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Oxidative Medicine and Cellular Longevity
Volume 2016 (2016), Article ID 3134919, 11 pages
Research Article

An Explanation of the Underlying Mechanisms for the In Vitro and In Vivo Antiurolithic Activity of Glechoma longituba

1Department of Urology, Institute of Urology, Gansu Nephro-Urological Clinical Center, Key Laboratory of Urological Diseases in Gansu Province, The Second Hospital of Lanzhou University, Lanzhou, Gansu 730030, China
2Department of Neurosurgery, The Neurosurgery Clinical Medical Center, The Second Hospital of Lanzhou University, Lanzhou, Gansu 730030, China
3Department of Urology, First Affiliated Hospital of Anhui Medical University and Institute of Urology, Anhui Medical University, Hefei, Anhui, China
4First Clinical Medical College of Lanzhou University, Lanzhou, Gansu 730000, China
5Department of General Surgery, Lanzhou University Second Hospital, Lanzhou 730030, China
6Orthopaedics Key Laboratory of Gansu Province, Department of Orthopaedics, The Second Hospital of Lanzhou University, Lanzhou, Gansu, China
7Department of Cardiology, Lanzhou University Second Hospital, Lanzhou 730030, China

Received 19 July 2016; Revised 26 August 2016; Accepted 27 September 2016

Academic Editor: Francisco J. Romero

Copyright © 2016 Qiang Liang et al. This is an open access article distributed under the Creative Commons Attribution License, which permits unrestricted use, distribution, and reproduction in any medium, provided the original work is properly cited.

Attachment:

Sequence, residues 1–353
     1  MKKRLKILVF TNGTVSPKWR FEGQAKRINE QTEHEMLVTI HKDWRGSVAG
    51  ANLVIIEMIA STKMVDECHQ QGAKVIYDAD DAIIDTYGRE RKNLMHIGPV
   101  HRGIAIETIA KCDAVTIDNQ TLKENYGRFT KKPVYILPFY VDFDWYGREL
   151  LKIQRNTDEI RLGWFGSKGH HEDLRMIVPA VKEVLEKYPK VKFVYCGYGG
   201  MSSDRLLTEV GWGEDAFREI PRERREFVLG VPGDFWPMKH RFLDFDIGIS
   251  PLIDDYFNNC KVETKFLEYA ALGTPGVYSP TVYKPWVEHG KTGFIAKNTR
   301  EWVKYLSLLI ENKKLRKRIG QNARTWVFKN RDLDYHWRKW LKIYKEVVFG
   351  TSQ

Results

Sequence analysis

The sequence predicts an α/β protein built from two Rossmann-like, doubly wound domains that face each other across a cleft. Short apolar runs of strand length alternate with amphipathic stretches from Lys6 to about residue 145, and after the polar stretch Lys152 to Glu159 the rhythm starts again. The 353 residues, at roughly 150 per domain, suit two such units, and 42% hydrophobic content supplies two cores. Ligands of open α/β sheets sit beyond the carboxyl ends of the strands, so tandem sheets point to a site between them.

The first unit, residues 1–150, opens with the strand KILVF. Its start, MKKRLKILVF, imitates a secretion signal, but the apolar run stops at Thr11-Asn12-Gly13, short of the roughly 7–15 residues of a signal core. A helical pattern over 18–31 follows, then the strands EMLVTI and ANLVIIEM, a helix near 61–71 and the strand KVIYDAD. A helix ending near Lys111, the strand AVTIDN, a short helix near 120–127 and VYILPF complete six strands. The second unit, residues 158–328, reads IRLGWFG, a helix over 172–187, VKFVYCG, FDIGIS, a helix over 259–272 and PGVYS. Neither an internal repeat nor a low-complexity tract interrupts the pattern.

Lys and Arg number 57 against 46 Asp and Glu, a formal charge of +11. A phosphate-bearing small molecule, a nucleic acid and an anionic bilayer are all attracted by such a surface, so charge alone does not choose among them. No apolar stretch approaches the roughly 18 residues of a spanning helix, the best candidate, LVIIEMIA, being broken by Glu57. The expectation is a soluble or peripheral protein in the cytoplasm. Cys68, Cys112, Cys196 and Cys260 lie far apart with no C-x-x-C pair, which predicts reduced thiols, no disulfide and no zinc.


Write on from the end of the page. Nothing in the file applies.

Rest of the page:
Purpose. To use in vitro and in vivo models to evaluate Glechoma longituba extract to provide scientific evidence for this extract’s antiurolithic activity. Materials and Methods. Potassium citrate was used as a positive control group. Oxidative stress (OS) markers and the expression of osteopontin (OPN) and kidney injury molecule-1 (KIM-1) were measured to assess the protective effects of Glechoma longituba. Multiple urolithiasis-related biochemical parameters were evaluated in urine and serum. Kidneys were harvested for histological examination and the assessment of crystal deposits. Results. In vitro and in vivo experiments demonstrated that treatment with Glechoma longituba extract significantly decreased calcium oxalate- (CaOx-) induced OPN expression, KIM-1 expression, and OS compared with the positive control group (). Additionally, in vivo rats that received Glechoma longituba extract exhibited significantly decreased CaOx deposits and pathological alterations () compared with urolithic rats. Significantly lower levels of oxalate, creatinine, and urea and increased citrate levels were observed among rats that received Glechoma longituba () compared with urolithic rats. Conclusion. Glechoma longituba has antiurolithic effects due to its possible combined effects of increasing antioxidant levels, decreasing urinary stone-forming constituents and urolithiasis-related protein expression, and elevating urinary citrate levels.